Your resume is the first thing hiring managers and recruiters look at when deciding whether you're a viable candidate for an open position -- so it's important to get that document just right. But while you probably know to avoid grammatical errors and the like, one thing you may be unclear on is how far back on your resume to go. This especially holds true if you're a seasoned worker with years of experience under your belt.

So how many years of work history should your resume include? As a general rule, you're safe listing your last 10 years of experience. But that's not the whole story.

It's all about relevance

The purpose of your resume is to show that you have the expertise needed to excel at the role you're applying for. So rather than focus on a certain number of years' worth of work experience, you're better focusing on your most relevant experience.

A person holding a pen while reviewing a resume.


Imagine you're 20 years into your career and are ready for a change. If your first job out of college actually had you doing work that's more relevant to the field you want to break into, you should absolutely skimp on details from your more recent positions and focus on that initial role. Of course, you'll still want to list those interim roles, because without them, your resume will have an obvious gap. The point, however, is that it's OK to include early career experience on your resume if it makes the case for hiring you.

Another thing to keep in mind is that if you've held several positions over the past few years, all of which had you doing similar tasks, you might keep each individual description brief to conserve space and communicate the skills you picked up elsewhere on your resume. For example, you can talk up certain talents you have in your opening statement, which is basically an overview of who you are. You can also include a general skills section on your resume to avoid getting too repetitive throughout.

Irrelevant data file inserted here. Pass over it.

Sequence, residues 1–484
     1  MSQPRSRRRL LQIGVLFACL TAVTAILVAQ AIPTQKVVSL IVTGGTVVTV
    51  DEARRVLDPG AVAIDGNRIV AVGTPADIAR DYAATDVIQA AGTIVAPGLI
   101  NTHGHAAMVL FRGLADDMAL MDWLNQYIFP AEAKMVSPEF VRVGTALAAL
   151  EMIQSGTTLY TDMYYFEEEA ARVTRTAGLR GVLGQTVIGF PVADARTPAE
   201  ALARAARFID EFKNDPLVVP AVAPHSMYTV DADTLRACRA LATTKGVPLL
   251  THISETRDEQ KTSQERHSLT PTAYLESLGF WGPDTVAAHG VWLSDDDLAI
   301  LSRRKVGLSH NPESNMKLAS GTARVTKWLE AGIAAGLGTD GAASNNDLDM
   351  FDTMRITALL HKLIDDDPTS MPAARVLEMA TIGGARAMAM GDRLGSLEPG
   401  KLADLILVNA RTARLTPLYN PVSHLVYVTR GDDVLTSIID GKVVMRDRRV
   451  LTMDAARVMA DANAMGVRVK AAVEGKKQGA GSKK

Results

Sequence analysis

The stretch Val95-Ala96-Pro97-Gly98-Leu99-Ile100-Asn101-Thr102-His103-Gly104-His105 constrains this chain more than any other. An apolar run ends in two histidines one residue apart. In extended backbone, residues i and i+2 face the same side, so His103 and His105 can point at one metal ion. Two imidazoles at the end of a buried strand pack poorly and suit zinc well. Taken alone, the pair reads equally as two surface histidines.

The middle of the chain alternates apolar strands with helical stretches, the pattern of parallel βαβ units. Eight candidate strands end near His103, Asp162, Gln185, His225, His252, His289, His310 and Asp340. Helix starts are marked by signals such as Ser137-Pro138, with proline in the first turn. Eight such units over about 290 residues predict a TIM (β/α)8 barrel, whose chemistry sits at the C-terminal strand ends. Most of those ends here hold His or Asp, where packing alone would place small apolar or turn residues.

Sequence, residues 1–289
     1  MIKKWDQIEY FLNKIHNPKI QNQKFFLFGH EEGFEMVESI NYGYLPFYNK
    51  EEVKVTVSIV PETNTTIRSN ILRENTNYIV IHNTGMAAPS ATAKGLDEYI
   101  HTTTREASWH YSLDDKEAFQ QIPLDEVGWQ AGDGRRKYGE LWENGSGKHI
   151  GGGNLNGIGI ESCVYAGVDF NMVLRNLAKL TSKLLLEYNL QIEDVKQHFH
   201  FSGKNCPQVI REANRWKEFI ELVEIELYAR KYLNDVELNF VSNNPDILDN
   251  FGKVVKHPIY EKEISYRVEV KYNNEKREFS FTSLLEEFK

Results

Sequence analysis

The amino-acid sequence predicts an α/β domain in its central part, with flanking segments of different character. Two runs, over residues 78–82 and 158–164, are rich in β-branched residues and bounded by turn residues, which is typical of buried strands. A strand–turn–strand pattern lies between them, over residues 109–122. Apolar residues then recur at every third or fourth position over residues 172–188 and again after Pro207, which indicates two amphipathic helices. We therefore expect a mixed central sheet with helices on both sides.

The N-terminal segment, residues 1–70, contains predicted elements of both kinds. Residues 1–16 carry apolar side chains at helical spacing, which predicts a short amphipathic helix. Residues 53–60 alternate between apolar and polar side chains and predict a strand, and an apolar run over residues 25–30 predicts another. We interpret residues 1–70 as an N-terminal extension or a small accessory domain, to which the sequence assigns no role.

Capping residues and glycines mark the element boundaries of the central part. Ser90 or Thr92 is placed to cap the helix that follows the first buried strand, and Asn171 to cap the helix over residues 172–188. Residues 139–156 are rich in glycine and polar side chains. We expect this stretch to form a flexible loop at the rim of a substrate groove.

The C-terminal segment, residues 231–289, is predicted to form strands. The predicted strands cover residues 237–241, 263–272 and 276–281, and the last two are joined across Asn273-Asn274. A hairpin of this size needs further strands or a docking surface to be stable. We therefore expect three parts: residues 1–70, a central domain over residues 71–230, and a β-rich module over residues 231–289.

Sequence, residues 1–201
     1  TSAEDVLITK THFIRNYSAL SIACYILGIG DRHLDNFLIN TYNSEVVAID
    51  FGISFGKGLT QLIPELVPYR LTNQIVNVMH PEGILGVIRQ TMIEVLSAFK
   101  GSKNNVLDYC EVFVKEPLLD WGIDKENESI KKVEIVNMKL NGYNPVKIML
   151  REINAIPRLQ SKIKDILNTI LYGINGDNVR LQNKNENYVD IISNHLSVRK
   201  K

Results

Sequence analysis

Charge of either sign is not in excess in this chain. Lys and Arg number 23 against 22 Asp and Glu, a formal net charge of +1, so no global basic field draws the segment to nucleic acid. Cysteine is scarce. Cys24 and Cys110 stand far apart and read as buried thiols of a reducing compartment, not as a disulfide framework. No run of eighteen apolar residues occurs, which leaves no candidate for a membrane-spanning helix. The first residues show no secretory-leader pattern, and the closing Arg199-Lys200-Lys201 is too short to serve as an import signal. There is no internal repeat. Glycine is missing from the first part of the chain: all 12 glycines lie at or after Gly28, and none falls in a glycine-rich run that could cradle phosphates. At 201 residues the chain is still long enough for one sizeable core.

Be strategic with your resume

In some cases, listing jobs from more than just 10 years ago might help you land a new position. For example, if you're responding to a job description that specifically asks for two decades' worth of experience, you'll actually be following the rules by erring on the side of more detail.

On the other hand, be careful about listing too much experience on your resume, because in doing so, you might inadvertently give away more clues about your age than you'd like. Unfortunately, age discrimination is a major problem in the workplace today, so much so that 67% of employees aged 45 to 74 say they've seen or fallen victim to it. If your resume includes job details dating all the way back to the 1970s, an employer might pass you over because it doesn't want to risk hiring someone who might very well retire within the next few years. Therefore, it sometimes pays to hide a portion of your work history, even if it happens to be relevant to the job you're seeking.

Ultimately, there's no hard and fast rule when it comes to listing work experience on a resume. Your best bet is to read each job description you're responding to carefully and tailor your resume to present yourself in the best possible light.

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